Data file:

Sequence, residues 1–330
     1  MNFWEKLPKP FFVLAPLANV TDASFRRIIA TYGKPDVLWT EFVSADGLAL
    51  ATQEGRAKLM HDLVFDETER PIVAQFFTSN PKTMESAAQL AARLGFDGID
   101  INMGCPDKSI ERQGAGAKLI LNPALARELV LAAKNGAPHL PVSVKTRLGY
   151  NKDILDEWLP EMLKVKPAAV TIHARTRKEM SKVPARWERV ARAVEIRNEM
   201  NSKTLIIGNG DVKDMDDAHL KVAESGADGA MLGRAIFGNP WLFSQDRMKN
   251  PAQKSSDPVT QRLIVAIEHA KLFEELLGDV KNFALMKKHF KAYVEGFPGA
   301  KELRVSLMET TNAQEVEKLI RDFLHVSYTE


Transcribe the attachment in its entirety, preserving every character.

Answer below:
Sequence, residues 1–330
     1  MNFWEKLPKP FFVLAPLANV TDASFRRIIA TYGKPDVLWT EFVSADGLAL
    51  ATQEGRAKLM HDLVFDETER PIVAQFFTSN PKTMESAAQL AARLGFDGID
   101  INMGCPDKSI ERQGAGAKLI LNPALARELV LAAKNGAPHL PVSVKTRLGY
   151  NKDILDEWLP EMLKVKPAAV TIHARTRKEM SKVPARWERV ARAVEIRNEM
   201  NSKTLIIGNG DVKDMDDAHL KVAESGADGA MLGRAIFGNP WLFSQDRMKN
   251  PAQKSSDPVT QRLIVAIEHA KLFEELLGDV KNFALMKKHF KAYVEGFPGA
   301  KELRVSLMET TNAQEVEKLI RDFLHVSYTE